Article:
happy to merge that.

> I bet MySQL would execute the query quicker :)

In general (and I have tested this) mysql 5.7 executes patchwork queries
slower than postgres 9.6 - this is on my laptop on an SSD with a couple
100ks of patches across 2 or 3 projects.

> Anyway, that sounds really quite slow and we should look at why on earth
> it's that slow - is there some kind of horrific hidden join or poor
> indexing or query plan or something?

Yes.

So the 1.0 -> 2.0 transition was not good for performance because it
turns out databases do not map well to object-oriented structures.* I
didn't think to check for performance at the time, so we're
progressively improving that by denormalising stuff. (In fact that was a
major driver of the 2.1 release!) There is still further to go.

Regards,
Daniel

* Yes, I probably should have realised this at the time. something
  something unpaid volunteers something something patch review something
  something.

>
> -- 
> Stewart Smith
> OPAL Architect, IBM.
Andrew Donnellan Aug. 7, 2018, 7:29 a.m. | #8
On 07/08/18 17:20, Daniel Axtens wrote:
> I wonder if we could let authenticated users do slower queries. Maybe
> something for later. Let's split the difference at 250 then, I'd be
> happy to merge that.

If you want to take this patch and s/500/250/g during merge then I'd be 
happy with that.
Stewart Smith Aug. 7, 2018, 9:09 a.m. | #9
Daniel Axtens <dja@axtens.net> writes:
>>>>> FWIW we now have this applied on patchwork.ozlabs.org and it appears to
>>>>> be working. Would like some more input as to what an appropriate default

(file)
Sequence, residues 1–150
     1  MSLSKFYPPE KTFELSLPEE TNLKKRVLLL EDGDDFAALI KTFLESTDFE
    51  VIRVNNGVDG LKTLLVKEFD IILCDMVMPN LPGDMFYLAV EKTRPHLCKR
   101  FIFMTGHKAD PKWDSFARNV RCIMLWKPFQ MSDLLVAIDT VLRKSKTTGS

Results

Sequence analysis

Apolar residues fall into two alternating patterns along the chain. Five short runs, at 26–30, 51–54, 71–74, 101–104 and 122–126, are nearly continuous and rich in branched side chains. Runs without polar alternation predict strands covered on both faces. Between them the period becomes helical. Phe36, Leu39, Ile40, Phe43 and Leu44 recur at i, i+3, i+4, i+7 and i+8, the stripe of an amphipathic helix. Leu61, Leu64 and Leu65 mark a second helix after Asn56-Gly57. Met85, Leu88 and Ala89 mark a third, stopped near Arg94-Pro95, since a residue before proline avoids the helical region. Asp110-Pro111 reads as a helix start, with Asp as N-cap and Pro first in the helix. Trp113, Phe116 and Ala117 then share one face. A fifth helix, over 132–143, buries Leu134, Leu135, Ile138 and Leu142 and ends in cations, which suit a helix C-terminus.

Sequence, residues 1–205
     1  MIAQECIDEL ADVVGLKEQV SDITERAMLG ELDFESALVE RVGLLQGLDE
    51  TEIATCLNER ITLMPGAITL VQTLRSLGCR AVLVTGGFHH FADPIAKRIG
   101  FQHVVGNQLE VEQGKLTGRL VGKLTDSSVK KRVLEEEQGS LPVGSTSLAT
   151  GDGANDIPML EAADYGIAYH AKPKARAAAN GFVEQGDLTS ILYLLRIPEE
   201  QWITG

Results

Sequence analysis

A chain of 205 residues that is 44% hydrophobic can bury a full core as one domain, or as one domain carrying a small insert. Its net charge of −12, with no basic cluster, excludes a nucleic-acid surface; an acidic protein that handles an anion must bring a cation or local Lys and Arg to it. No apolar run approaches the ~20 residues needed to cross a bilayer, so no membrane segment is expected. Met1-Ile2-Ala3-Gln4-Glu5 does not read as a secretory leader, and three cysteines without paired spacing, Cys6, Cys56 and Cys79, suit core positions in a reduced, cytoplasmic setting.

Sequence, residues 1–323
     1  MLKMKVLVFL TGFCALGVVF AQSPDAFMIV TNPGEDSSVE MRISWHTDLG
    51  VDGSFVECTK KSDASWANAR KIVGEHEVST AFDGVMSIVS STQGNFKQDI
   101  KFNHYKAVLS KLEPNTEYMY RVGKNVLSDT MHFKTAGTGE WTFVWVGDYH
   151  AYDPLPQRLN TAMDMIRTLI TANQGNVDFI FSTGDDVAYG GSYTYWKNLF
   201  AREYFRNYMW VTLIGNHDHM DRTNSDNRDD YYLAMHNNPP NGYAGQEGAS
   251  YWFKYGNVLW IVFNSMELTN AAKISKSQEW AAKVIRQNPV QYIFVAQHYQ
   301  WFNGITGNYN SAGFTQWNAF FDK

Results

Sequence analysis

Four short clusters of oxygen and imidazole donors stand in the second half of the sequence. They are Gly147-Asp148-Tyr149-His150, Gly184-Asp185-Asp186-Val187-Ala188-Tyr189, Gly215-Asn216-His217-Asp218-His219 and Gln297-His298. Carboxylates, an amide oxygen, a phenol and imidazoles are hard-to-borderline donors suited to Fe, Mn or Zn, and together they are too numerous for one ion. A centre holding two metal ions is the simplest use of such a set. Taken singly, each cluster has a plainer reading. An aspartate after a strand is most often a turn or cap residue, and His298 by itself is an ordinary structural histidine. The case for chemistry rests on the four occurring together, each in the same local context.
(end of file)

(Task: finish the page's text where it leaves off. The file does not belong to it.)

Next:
>>>>> limit is.
>>>> 
>>>> My completely fact-free feeling/opinion is that if it takes more than
>>>> ~1sec to run on Ozlabs, it's probably too high. Apart from that, I'm not
>>>> fussed.
>>>
>>> OzLabs.org is not a fast machine. 1 second round trip time == 100 per 
>>> page. 500 per page == ~2.3 seconds round trip.
>>>
>>> A single 500 item load is still under half the time of doing 5 * 100 
>>> item loads...
>
> I wonder if we could let authenticated users do slower queries. Maybe
> something for later. Let's split the difference at 250 then, I'd be
> happy to merge that.
>
>> I bet MySQL would execute the query quicker :)
>
> In general (and I have tested this) mysql 5.7 executes patchwork queries
> slower than postgres 9.6 - this is on my laptop on an SSD with a couple
> 100ks of patches across 2 or 3 projects.

Huh, somewhat surprising. I wonder what the query plan and cache layout
looks like....

>> Anyway, that sounds really quite slow and we should look at why on earth
>> it's that slow - is there some kind of horrific hidden join or poor
>> indexing or query plan or something?
>
> Yes.
>
> So the 1.0 -> 2.0 transition was not good for performance because it
> turns out databases do not map well to object-oriented structures.* I
> didn't think to check for performance at the time, so we're
> progressively improving that by denormalising stuff. (In fact that was a
> major driver of the 2.1 release!) There is still further to go.

So, looking at the schema, if we were going for the state of a bunch of
patches in a project (which I imagine is  fairly common), the current
patch table is:

CREATE TABLE `patchwork_patch` (
  `submission_ptr_id` int(11) NOT NULL,